Here's a Google Earth view of the summit.  My activation location is on the southern edge of the southern-most cluster of buildings.  The other access-restricted government facility is north of my location.  Notice the massive parking lot.
Here's a Google Earth image of the MASSIVE log periodic array.  I saw it change azimuth, so somebody was doing something with it.  The boom of the antenna was actually an aluminum truss--it was a very large antenna.

Back to the SOTA activation:  I recall that conditions weren't particularly good.  I was content to get the required four contacts and then move on.  AT&T cell coverage was plentiful, so I self-spotted.  Here's my log:
Note the gap in time between talking to W0MNA (Gary) and W9MRH.  Conditions weren't very good.  I also attempted CW but didn't make any CW contacts.  Got 'er dun, though!

My QTH on Lamb's Knoll.  By the way, I really like my Thermarest Z-Seat.  I know it's just foam, but it's very comfortable.
We hiked back the same way we came.  Here are view's of my APRS-laid breadcrumbs from APRS.fi:

The packets from the first portion of my hike apparently weren't picked up my an iGate.
Here's the view of the contour lines.
I'll speak a bit now about what's in the area around South Mountain.  During the Civil War the area was critical to the Battle of AntietamGathland State Park was the location of a particularly bloody duel between Confederate Artillery batteries and infantry companies, which held the pass, and infantry regiments from New Jersey.  The New Jersey troops took the pass at great cost, earning a tactical victory, but the Confederates succeeded in their strategic aim of delaying the Union advance.  The State Park itself is the former estate of an American journalist, and it is also the site of the War Correspondent's Memorial.  If you're in the area, the park is worth visiting.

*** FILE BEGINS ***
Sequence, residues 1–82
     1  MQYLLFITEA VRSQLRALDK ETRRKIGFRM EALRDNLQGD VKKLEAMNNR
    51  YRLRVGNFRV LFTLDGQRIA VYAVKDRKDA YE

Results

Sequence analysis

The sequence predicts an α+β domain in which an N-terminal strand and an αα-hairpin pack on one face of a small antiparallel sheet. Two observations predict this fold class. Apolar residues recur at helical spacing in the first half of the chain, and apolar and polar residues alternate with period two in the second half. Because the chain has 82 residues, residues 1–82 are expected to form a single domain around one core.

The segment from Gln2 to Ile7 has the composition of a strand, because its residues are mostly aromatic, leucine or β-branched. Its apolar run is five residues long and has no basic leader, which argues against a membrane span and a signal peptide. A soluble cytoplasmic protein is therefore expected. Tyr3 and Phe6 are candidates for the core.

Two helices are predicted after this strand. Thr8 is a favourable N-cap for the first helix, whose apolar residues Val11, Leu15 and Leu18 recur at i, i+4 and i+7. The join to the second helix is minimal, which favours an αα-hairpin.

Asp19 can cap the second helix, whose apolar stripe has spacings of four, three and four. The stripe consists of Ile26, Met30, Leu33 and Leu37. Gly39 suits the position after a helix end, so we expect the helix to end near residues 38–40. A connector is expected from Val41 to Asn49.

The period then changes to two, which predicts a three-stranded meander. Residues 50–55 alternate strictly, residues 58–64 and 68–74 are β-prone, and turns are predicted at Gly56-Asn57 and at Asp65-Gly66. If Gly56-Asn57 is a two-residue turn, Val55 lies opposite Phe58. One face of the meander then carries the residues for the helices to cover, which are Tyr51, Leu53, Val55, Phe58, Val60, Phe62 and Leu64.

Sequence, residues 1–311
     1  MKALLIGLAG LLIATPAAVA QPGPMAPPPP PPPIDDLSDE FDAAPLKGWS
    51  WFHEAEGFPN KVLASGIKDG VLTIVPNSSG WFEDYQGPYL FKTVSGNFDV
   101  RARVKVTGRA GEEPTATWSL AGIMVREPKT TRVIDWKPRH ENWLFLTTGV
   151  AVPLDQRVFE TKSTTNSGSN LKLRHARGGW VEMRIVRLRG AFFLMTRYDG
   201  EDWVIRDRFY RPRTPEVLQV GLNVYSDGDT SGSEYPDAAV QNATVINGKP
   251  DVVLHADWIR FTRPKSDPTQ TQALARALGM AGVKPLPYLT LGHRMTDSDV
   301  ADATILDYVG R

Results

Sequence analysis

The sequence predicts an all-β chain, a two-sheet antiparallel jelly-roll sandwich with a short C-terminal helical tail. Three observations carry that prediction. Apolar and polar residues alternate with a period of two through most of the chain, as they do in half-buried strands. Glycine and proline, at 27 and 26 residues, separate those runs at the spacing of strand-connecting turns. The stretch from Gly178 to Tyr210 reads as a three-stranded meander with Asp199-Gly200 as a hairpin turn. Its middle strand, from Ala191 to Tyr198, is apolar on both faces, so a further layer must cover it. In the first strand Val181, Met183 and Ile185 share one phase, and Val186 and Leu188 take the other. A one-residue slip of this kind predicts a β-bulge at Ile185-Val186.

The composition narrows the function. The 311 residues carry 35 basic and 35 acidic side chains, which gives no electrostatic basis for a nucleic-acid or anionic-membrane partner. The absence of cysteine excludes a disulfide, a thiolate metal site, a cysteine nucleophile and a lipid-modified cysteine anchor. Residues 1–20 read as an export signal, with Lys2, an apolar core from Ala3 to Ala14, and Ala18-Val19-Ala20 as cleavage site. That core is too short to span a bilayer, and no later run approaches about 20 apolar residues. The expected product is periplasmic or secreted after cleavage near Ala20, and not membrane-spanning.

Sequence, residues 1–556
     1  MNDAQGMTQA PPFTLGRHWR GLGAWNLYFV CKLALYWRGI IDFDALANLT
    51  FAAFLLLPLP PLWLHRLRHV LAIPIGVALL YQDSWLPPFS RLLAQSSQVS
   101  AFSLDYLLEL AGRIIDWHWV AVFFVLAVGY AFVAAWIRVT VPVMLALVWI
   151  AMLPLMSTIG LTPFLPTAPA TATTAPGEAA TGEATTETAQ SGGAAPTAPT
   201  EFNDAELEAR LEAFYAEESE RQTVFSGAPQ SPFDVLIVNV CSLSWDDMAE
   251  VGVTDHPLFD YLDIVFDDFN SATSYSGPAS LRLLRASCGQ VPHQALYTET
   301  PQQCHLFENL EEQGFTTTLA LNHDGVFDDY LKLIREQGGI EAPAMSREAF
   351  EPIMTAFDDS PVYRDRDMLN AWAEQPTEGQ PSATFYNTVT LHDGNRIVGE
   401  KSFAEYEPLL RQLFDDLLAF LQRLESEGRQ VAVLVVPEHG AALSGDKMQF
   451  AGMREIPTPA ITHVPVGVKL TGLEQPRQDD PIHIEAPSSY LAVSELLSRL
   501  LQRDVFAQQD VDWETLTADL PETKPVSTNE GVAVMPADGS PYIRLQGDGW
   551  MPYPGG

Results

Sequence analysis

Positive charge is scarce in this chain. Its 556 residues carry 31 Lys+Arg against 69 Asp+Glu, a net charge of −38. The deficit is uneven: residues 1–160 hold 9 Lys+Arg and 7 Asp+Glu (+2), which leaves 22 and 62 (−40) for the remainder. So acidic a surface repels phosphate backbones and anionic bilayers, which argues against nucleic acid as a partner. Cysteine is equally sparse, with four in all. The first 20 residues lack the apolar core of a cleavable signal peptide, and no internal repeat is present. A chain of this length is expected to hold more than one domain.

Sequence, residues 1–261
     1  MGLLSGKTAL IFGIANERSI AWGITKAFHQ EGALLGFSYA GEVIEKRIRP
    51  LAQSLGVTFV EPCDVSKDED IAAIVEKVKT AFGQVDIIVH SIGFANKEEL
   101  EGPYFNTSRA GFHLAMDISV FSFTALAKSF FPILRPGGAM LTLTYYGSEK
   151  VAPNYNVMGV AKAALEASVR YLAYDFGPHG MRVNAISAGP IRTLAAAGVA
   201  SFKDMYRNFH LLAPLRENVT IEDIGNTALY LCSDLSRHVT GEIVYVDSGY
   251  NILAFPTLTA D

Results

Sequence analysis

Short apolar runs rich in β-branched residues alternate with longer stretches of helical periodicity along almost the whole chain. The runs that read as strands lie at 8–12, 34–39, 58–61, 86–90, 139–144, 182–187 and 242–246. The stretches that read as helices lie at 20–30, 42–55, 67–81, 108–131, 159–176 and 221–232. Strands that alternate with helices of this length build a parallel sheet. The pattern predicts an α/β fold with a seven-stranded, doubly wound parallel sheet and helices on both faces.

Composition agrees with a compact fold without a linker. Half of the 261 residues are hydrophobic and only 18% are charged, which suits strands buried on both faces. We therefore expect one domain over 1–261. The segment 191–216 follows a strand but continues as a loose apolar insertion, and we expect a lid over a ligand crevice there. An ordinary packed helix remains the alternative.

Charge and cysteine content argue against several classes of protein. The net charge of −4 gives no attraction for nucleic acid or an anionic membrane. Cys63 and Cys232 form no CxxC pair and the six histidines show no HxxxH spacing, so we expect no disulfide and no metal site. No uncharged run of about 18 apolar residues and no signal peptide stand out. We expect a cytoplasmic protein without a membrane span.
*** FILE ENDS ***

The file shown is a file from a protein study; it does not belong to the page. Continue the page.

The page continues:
Here's the War Correspondent's Memorial.

Burkittsville is nearby, which has the dubious distinction of having the fictional Blair Witch fictionally inhabit the area around the actual town in an fictional documentary which was an actual movie.  The town is small but historic.  If you approach Gathland State Park from the east, you will travel through the town.

The area around South Mountain today is home to some cottage industries, including the production of apples, hard ciders, and meads.  (We sampled both the cider and the mead after hiking.  It was delicious!)  There is a also an excellent potter who lives just down the west side from the pass where Gathland State Park is.  After returning to the Jeep, my wife and I visited the potter and she bought a lovely coffee mug there.

It was a good day.  A nice brisk hike, some radio fun, pottery shopping, some mead and cider...it was all great.



  1. Nate, great report, I felt like I was there with you. I, like you, prefer a cooler day to hike. It keeps the bugs to a minimum and removes some of the humans as well. Thanks. 73 from Frank K0JQZ

  2. Thanks, Frank.

    Yes, my Norwegian and German blood is thick, and my upbringing in Minnesota and Wisconsin upbringing makes me tolerate the cold much better than the heat.

    73 Nate N0PCL